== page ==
NRA to reap €184m each year from toll roads
THE National Roads Authority (NRA) will take in €184m a year in tolls from motorists when the country's motorway schemes are completed at the end of this year.
This is because five of the six motorways will have two tolls, with just one -- the Dublin-Waterford inter-urban motorway scheme -- only having a single charge.
Motorists travelling from Dublin to Galway, Limerick, Cork and the Border will be forced to pay two tolls, while commuters using the full length of the new M3 motorway in Meath will also be hit twice.
There will be 11 tolled road schemes open by the end of the year, with the M50 the most lucrative. The NRA expected to take in €80m a year, but drivers paid €96.5m in 2009.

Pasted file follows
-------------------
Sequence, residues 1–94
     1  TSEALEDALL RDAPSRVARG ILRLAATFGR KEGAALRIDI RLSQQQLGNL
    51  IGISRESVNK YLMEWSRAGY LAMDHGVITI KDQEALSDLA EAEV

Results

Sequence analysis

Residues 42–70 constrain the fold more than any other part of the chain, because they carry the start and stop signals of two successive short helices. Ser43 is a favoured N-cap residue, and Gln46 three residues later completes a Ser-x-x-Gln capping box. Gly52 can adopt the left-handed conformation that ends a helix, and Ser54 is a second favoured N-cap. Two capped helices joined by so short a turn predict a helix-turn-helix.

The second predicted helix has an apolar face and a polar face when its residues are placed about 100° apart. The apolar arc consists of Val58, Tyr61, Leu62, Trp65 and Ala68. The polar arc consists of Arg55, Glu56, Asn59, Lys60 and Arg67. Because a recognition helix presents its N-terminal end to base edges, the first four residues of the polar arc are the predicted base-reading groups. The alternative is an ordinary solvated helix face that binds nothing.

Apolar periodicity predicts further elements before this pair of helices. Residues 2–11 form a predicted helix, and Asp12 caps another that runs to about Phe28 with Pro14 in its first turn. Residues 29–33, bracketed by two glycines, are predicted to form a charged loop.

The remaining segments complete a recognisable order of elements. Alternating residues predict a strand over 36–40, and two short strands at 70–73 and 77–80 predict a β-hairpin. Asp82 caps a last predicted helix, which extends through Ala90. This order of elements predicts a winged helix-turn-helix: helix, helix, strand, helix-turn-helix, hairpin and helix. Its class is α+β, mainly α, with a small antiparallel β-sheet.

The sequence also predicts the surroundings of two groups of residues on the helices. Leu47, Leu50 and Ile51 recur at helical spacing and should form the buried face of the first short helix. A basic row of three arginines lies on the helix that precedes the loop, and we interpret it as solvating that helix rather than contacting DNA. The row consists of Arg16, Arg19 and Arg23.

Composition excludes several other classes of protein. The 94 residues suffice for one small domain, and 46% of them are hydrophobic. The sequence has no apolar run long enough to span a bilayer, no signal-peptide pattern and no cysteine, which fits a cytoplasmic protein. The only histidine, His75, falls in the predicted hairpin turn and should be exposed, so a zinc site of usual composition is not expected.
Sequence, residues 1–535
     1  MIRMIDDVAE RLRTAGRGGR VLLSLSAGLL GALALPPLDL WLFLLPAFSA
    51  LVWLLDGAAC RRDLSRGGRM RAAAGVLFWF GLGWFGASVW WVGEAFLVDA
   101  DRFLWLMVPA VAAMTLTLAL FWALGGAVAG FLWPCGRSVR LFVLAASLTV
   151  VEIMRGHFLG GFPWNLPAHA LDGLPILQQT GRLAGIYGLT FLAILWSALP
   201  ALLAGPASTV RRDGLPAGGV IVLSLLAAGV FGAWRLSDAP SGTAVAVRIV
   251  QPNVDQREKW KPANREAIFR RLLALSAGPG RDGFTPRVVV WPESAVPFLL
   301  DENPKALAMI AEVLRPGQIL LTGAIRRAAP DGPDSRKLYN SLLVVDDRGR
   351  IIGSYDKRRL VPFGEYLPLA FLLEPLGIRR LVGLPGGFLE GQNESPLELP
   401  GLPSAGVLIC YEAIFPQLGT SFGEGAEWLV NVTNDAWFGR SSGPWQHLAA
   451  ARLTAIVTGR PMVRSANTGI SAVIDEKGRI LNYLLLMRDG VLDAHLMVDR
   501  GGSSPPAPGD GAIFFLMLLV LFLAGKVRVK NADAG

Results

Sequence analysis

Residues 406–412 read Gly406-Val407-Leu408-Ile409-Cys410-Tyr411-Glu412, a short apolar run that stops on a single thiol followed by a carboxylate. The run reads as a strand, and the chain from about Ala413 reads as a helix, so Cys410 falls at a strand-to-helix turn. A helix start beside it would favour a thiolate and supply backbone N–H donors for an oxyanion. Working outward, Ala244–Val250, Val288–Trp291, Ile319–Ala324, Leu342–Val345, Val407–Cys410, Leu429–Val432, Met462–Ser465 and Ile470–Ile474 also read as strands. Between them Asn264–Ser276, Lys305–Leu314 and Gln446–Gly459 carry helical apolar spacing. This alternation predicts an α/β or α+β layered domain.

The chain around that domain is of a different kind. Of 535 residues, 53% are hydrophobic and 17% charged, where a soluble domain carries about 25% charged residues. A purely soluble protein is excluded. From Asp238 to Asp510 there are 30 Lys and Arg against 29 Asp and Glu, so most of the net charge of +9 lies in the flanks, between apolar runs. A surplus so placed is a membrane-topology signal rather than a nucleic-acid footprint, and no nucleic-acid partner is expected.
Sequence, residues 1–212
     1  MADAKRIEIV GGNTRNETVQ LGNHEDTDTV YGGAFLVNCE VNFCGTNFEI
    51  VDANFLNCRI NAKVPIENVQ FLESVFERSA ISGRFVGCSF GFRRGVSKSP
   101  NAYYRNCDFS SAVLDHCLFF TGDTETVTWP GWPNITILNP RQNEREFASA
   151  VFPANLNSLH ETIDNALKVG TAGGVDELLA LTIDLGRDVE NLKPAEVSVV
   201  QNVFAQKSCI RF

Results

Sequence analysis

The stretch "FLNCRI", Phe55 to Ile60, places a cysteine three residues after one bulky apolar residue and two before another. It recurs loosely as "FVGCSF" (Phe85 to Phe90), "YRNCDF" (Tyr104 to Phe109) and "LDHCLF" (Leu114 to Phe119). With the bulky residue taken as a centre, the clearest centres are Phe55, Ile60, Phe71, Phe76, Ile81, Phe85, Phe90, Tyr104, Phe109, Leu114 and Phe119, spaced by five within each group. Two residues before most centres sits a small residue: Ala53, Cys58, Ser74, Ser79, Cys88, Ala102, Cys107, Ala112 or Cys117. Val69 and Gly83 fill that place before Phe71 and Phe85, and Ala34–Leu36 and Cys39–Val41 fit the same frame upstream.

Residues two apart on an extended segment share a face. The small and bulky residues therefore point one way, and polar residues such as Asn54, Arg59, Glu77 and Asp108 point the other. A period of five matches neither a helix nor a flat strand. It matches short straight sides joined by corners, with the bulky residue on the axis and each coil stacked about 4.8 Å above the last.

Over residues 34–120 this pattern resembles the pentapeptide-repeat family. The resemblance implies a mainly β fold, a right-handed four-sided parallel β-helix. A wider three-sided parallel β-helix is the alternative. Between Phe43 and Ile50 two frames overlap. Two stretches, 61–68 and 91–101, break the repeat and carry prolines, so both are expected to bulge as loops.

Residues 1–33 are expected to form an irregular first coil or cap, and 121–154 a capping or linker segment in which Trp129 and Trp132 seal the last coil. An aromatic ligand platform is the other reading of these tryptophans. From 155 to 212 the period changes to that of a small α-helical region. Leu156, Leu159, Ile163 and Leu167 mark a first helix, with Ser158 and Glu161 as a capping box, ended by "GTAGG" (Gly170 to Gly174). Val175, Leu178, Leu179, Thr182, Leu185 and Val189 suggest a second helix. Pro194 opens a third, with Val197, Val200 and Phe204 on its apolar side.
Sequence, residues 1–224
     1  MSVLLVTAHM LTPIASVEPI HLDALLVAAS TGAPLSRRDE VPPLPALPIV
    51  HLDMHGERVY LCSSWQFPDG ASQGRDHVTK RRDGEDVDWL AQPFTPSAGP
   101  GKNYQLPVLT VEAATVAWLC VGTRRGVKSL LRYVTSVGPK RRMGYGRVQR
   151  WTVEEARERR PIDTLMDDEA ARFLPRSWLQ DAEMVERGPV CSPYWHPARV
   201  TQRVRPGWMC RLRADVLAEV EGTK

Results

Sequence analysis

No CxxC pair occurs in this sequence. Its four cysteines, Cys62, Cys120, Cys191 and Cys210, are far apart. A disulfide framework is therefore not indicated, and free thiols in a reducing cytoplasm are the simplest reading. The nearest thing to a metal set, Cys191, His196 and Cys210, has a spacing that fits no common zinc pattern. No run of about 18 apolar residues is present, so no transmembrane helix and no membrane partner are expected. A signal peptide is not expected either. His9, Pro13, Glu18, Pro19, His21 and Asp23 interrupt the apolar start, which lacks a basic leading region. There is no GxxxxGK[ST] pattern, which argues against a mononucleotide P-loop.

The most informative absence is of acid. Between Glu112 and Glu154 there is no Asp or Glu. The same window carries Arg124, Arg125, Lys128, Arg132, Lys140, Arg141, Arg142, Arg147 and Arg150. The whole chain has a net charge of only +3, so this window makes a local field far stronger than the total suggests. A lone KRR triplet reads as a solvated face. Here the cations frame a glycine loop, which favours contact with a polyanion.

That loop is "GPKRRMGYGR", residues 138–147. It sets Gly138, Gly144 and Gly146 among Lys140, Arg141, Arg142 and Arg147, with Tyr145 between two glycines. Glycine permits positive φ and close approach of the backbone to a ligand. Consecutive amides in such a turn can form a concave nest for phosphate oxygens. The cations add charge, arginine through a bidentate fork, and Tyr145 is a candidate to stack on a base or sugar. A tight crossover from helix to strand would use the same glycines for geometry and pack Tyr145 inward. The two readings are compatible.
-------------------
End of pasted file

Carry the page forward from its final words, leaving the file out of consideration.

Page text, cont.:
In all, the authority expects to collect €184.2m in tolls every year, with the money used to pay back the cost of building the roads and for maintenance.
The NRA yesterday announced that the M3 motorway between Clonee and Kells would open on June 4, a week after the new Dublin to Cork scheme is officially unveiled.
But there will be two tolls of €1.30 each, one at Dunshauglin and the second near Kells at Grange. The NRA expects 64,000 vehicles a day to use the 60km road, of which 13,000 will pay both tolls. Total revenue is expected to be €13.2m.
The road has been dogged by controversy because it runs close to the Hill of Tara, the seat of the High Kings. Built at a cost of €1bn, it will open two months ahead of schedule and bypasses the bottlenecks of Dunboyne, Dunshauglin, Navan and Kells.
The NRA said that at 110km of road, including local links, it was the biggest single project ever built.
"The opening of the M3 Clonee to Kells motorway is a significant achievement, which balances the historical importance of an entire region with the public demand for access to safe road infrastructure," chairman Peter Malone added.